Last edited: Feb 7, 2016
  4. Ridgerunner

    Ridgerunner Chicken Obsessed Premium Member

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    From what you described you did nothing wrong. When they were resting in the fridge did you have fish, saurkraut, or something else in there that they could absorb odors? Spread out over eight weeks like that, I doubt it.

    Foraging like that it may be possible they were eating something that altered the flavor or smell. Cows that have eaten wild onions or wild garlic will give milk that really smells. But a lot of people butcher chickens that free range and never have those issues. I seriously doubt that is the problem.

    Again something highly unlikely. When you butchered them did you cut and spill bile over them. That’s a green fluid in a container mixed in with the liver. If you rinses thoroughly that should not have been a problem even if you did.

    I think you are just seeing the difference in the 6 to 8 week old store bought chicken (usually brined and often with additives) you are used to and the older chicken that free range and forage. How you cook them will affect the texture, slow and moist is better than grilling, but you are talking about smell. It’s difficult for me to even imagine that would make that much difference to others, usually it is texture due to improper cooking, but expectations are a big part of this.
     
  5. mominoz

    mominoz Chillin' With My Peeps

    What do you mean by bad? taste? consistency ? flavor? when I first had chickens I had the tough problem years ago, because I immediately froze them and cooked the same as 'store' birds.... I now have ducks and geese... and have had to process some unexpectedly.... Because they were a year or older.... I knew I could have 'toughness' issues... Mode of death was varied. 2 head chopped after blow to head or pellet gun to head first, then bled out.. one died naturally, choked. Dry plucked or skinned them. No scalding or feather machines. .... I let rest in fridge 3-4 days... then froze until I used them. All were cooked by slooooowww methods, 2 in a crockpot on slow cook for 4 +_ hours. One goose in closed roaster with some liquid. One in a soup... I also cook with spices... so perhaps it is your cooking methods... that need to be modified.Often store chicken has injected fat , water and salts...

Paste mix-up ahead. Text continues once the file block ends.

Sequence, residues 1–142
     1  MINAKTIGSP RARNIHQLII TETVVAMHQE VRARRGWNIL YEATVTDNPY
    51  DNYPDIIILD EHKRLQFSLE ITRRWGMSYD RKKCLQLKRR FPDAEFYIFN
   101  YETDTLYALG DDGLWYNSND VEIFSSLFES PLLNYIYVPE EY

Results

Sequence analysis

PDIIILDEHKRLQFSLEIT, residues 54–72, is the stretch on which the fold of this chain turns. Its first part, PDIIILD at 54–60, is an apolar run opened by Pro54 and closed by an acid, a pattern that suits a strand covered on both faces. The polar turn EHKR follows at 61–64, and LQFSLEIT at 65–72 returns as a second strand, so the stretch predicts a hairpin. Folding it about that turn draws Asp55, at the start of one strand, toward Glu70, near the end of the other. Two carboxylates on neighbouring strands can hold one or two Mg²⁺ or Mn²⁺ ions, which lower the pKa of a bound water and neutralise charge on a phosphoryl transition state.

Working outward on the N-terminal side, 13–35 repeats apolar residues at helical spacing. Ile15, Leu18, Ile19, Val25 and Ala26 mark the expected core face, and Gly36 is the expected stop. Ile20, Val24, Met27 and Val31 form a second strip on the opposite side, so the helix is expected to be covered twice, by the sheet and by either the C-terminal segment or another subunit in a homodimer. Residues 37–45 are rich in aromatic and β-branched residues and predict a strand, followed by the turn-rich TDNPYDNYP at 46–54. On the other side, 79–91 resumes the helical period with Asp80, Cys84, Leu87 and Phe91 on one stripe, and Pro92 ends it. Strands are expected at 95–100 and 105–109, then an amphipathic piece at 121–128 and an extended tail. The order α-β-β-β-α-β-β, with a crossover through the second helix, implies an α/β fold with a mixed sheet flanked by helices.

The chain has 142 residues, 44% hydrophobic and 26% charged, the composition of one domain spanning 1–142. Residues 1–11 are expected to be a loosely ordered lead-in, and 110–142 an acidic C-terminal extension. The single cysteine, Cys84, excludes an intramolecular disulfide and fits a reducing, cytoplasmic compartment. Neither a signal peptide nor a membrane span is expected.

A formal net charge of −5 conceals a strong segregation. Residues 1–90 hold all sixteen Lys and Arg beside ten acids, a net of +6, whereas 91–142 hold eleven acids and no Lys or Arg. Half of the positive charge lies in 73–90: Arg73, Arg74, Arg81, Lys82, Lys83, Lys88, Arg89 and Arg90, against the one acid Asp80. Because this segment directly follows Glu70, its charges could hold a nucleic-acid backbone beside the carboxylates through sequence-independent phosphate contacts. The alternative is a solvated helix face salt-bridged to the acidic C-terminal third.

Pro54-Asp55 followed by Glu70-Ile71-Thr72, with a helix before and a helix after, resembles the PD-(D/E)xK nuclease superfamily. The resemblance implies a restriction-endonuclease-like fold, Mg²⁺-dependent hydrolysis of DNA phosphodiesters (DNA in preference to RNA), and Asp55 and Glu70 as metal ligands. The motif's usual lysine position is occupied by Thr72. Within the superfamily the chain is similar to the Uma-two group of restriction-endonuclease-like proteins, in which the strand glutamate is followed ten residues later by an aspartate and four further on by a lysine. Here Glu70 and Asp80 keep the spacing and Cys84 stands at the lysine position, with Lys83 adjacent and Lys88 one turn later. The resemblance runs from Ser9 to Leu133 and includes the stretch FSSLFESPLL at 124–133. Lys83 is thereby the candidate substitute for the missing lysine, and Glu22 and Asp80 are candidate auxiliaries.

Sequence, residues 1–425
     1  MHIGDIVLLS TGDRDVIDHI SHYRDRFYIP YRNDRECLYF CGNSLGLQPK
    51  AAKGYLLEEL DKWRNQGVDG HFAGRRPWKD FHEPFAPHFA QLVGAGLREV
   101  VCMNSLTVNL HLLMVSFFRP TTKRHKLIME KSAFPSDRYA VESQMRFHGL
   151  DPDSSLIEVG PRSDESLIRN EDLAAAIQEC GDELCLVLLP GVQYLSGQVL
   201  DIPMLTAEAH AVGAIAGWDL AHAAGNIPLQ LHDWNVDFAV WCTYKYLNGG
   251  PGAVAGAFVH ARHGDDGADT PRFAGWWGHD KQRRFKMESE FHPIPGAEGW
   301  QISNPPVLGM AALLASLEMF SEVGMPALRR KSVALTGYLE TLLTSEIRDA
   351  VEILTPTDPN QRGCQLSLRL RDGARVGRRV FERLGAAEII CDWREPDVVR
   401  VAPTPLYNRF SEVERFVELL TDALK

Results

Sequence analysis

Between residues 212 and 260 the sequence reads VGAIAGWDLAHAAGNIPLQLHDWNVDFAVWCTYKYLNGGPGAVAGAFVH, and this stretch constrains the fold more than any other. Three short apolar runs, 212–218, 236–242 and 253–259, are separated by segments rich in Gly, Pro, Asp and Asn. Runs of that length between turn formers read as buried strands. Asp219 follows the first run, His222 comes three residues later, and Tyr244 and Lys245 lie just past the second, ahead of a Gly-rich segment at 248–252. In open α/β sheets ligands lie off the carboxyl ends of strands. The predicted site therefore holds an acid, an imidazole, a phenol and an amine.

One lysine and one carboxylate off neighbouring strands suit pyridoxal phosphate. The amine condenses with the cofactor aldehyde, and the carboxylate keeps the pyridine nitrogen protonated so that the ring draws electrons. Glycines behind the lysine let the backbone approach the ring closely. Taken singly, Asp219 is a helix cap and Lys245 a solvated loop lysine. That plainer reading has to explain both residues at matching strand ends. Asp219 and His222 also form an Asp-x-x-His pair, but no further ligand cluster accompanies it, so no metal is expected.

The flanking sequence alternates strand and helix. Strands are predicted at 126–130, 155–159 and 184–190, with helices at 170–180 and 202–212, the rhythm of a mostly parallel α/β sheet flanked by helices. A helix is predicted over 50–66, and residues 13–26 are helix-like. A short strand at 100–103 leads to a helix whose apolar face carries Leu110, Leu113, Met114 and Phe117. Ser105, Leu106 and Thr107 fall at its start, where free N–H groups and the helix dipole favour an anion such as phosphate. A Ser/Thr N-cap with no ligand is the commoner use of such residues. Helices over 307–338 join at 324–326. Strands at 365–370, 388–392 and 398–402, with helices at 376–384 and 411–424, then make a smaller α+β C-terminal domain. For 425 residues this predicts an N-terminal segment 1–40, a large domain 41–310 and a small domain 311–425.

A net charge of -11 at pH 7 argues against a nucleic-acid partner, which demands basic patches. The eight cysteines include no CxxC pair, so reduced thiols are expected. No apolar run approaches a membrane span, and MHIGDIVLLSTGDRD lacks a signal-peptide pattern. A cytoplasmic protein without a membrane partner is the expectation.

6. centrarchid

    centrarchid Chicken Obsessed

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    Holts Summit, Missouri

    Off-flavor can happen in chickens. It is something I must routinely check like with fish. The off-flavor I smell / taste is musty like a wet rug that a dog sleeps on. Look up geosmine. I am leery of chickens consuming a type of piss ant we call skunk ants. Those ants can be abundant in wooded areas with lots of rotting logs. Normally I am in the camp that thinks chicken have reasonable powers of taste and smell but with respect to the skunk ants evidence it not in my favor. Some woodpeckers eat the same ants and I think it makes them less palatable to predators.

    Foods the chickens eat can impact flavor of meat and eggs. Most of the impact is associated with the fat deposits.
     
  7. 777funk

    777funk Out Of The Brooder

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    May 28, 2015
    It's interesting, the eggs taste fine but the meat on every bird we ate over the course of 2-3 months worth of separate kills was bad. I would say it was edible but we all agreed it was not good. Really I was the only one of us who ate a small portion of each bird cooked. Most of the meat just got tossed. The chickens liked it of course.